Mail-Order Abortion Pills Put Women's Health And Fertility At Risk

The coronavirus lockdown has instigated massive changes in industries across the country - and that includes the abortion industry.

By Molly Farinholt2 min read

Since the beginning of the lockdown, companies like Plan C (a remote abortion service), and more traditional abortion providers like Planned Parenthood have been pushing to increase access to chemical abortions, without the necessary preventative care that's usually provided to pregnant women. Proponents of medical abortions insist that they're safe, but there's a serious lack of discussion about the dangers posed not only by the lack of pre-abortion screening services, but, as you're about to read, other screenings that are necessary for reproductive health and fertility. This leaves you to wonder, why are so-called defenders of women's health so quick to eliminate these standard care procedures?

Abortion Industry Lowers Standards of Care — at the Risk of Women’s Health

These abortion providers seem to have abandoned the health and well-being of women and their future children, in exchange for more easily accessible and widely distributed chemical abortion pills. The National Abortion Federation’s 2020 Clinical Policy Guidelines state that, while the standard of care was formerly to test for the rhesus factor (Rh) and to treat a woman if needed, chemical abortion sales associates may now forego Rh testing in pregnancies less than 56 days (which will only be confirmed by the mother’s word). 

The Importance of Rhesus Factor Tests

Most people have Rhesus factor (an inherited protein on the surface of red blood cells), making them Rh positive. However, approximately 15% of people lack this protein and are considered Rh negative. This typically poses no issues for an individual. But it can lead to serious complications during pregnancy if a mother and her child are Rh incompatible. It is, therefore, imperative that a woman is tested for this during pregnancy.

If the blood of an Rh negative mother comes in contact with that of her Rh positive baby, the mother’s body may react by producing Rh antibodies. In subsequent pregnancies, an Rh positive baby could be fatally harmed by these antibodies. Fortunately, doctors screen women for this and are able to administer injections of Rh immunoglobulin, which prevents the production of the antibodies.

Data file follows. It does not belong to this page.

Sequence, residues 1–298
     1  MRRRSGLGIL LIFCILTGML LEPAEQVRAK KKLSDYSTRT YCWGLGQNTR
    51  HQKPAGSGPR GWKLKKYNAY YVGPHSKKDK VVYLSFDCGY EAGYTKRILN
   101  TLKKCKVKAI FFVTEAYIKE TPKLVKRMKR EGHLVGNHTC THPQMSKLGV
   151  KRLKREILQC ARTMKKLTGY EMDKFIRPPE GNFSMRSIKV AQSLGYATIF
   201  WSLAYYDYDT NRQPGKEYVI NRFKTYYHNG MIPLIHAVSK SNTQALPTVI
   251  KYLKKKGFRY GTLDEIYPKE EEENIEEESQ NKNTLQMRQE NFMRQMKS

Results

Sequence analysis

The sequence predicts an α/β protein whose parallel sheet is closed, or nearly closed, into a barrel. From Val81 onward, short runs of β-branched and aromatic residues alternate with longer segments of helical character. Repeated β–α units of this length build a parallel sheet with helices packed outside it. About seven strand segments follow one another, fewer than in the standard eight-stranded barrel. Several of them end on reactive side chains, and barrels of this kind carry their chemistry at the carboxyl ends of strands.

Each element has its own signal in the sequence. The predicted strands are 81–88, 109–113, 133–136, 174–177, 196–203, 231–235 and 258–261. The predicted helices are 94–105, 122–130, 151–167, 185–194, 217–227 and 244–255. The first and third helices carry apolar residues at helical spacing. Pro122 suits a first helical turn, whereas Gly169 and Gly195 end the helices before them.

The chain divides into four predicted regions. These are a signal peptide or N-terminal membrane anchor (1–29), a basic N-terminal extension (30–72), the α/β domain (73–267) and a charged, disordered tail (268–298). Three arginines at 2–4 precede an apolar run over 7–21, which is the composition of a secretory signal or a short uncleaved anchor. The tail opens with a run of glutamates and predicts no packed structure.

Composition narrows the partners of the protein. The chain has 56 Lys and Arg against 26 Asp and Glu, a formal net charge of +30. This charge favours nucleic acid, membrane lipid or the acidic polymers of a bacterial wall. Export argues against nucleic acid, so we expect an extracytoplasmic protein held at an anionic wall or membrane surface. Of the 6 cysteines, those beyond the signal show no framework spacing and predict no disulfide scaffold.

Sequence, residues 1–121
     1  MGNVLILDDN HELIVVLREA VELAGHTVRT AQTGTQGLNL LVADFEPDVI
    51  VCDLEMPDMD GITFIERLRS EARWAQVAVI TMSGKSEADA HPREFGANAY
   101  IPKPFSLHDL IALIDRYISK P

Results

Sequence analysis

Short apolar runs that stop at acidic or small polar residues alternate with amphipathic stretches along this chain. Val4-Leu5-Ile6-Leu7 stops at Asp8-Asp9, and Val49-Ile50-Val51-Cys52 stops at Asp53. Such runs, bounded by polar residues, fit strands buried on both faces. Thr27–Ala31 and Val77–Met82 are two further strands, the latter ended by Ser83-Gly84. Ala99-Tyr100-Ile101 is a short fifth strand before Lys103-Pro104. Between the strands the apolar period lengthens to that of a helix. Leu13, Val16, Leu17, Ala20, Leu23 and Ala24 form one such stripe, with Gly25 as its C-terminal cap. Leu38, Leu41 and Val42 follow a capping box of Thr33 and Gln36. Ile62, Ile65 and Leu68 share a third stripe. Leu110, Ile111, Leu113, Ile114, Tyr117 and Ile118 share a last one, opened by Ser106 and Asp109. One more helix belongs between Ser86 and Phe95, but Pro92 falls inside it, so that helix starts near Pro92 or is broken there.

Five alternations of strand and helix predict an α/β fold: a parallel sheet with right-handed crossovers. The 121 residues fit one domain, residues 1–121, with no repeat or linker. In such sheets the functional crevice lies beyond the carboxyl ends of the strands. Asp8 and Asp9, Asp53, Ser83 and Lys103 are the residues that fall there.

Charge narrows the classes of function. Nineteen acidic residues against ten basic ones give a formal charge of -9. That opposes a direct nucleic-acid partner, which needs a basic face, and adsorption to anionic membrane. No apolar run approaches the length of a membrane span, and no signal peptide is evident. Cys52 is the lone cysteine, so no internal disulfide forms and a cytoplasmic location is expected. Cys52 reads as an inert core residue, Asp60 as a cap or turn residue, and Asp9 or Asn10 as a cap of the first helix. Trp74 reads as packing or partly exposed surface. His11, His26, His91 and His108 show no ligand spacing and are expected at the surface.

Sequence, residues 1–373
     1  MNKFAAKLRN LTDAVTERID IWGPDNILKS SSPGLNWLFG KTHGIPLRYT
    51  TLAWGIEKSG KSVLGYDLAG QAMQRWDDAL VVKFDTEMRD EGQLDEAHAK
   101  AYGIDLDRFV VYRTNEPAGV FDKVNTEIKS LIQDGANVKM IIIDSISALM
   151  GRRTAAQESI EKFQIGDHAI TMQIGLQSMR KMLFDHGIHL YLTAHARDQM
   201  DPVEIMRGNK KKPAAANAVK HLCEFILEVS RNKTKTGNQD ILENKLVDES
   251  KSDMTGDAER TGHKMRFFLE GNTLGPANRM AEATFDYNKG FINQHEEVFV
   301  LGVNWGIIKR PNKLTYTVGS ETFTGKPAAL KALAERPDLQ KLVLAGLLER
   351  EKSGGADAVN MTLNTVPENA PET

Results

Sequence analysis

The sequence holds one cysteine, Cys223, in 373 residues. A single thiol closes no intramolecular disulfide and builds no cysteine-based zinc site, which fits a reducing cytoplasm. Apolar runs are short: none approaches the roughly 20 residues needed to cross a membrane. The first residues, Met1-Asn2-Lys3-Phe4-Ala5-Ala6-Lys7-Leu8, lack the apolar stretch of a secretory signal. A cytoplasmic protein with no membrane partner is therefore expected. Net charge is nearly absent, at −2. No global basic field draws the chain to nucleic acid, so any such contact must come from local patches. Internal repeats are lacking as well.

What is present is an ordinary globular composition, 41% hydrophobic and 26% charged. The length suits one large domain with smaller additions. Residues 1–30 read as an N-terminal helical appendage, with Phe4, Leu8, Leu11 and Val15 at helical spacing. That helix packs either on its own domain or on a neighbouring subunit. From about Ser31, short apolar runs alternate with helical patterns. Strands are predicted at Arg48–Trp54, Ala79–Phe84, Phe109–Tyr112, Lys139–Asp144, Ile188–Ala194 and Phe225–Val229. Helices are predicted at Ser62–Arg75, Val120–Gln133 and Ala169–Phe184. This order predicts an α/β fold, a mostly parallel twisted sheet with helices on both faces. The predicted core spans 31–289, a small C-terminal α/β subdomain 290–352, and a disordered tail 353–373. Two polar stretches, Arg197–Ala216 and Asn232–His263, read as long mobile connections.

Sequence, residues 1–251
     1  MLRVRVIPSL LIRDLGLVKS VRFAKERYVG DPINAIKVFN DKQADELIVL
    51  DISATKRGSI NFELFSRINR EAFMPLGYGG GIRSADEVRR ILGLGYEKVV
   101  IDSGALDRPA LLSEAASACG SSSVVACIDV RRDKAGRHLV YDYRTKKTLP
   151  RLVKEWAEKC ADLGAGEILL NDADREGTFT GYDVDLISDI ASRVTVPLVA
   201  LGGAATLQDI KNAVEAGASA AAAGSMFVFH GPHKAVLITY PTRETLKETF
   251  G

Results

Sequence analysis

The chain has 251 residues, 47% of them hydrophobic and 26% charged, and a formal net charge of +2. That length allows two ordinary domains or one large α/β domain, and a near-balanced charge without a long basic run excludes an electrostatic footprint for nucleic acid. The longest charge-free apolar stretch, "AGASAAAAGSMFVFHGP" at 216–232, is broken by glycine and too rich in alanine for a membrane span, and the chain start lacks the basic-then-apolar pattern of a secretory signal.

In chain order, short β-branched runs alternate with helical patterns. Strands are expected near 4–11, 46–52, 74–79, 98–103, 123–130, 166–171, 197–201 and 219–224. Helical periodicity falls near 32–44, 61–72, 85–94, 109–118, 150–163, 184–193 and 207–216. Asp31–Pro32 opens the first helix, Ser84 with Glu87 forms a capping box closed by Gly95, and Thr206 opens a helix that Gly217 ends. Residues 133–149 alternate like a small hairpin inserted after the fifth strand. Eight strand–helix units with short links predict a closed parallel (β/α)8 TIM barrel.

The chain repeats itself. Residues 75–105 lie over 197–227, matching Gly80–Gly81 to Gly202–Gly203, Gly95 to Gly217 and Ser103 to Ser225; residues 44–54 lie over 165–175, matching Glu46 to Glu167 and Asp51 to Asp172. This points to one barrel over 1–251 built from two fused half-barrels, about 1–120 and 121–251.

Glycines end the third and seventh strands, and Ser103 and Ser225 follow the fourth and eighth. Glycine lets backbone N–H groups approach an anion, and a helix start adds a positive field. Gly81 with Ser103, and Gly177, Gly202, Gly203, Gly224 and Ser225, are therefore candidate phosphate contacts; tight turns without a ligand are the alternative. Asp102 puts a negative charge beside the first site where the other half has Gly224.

An Rh positive baby could be fatally harmed by the antibodies made by the Rh negative mother. 

However, these providers no longer want to test women for this life-threatening condition before distributing abortion pills. This means that if a woman is Rh negative and aborts her Rh positive baby, she will come into contact with that Rh positive blood (as abortion pills make women cramp and bleed in the process of ridding their body of their baby) and produce the antibodies that stay with her for a lifetime. Such occurrences could render a woman permanently infertile. 

The ACLU Is Suing the FDA for Preventing Access to Remote Abortions

Furthermore, in the midst of pandemic chaos, the American Civil Liberties Union (ACLU) sued the Food and Drug Administration (FDA) and Department of Health and Human Services (DHHS) for refusing to let doctors dispense abortion pills (specifically mifepristone) remotely. 

Chemical abortion sales associates may now forego Rh testing in pregnancies less than 56 days.

The FDA stated that these restrictions are “necessary for mifepristone when used for medical termination of early pregnancy in order to ensure that the benefits of the drug outweigh its risks.” The restrictions, which include ultrasounds to check for ectopic pregnancy and blood testing to determine the presence or absence of the rhesus factor, are life-saving protocols. The FDA has reported over 4,000 adverse events — including deaths — from the use of abortion pills. Doing away with the tests would undoubtedly increase these cases. 

The Potential Consequences of Foregoing Tests

Infertility from undiagnosed Rh incompatibility is not the only potential consequence of such changes. The aforementioned ultrasounds that look for ectopic pregnancy (a life-threatening situation in which the fertilized egg implants outside the uterus) are now deemed unnecessary. Ectopic pregnancies can be very dangerous for the mother and often require surgical treatment. 

The other issue with eliminating testing is improperly dating a pregnancy. Pills taken after a certain gestational age can cause severe complications that often require emergency surgery. If a doctor doesn’t perform an ultrasound to accurately determine gestational age, he’s putting the mother at great risk. 

Closing Thoughts

Testing is seen as a barrier to abortion access when, in reality, it’s a safeguard against grave and horrific complications or even death. Abortion providers like Planned Parenthood and Plan C claim to serve and support women's reproductive health, but this push to eliminate potentially life-saving screening procedures puts that mission in doubt.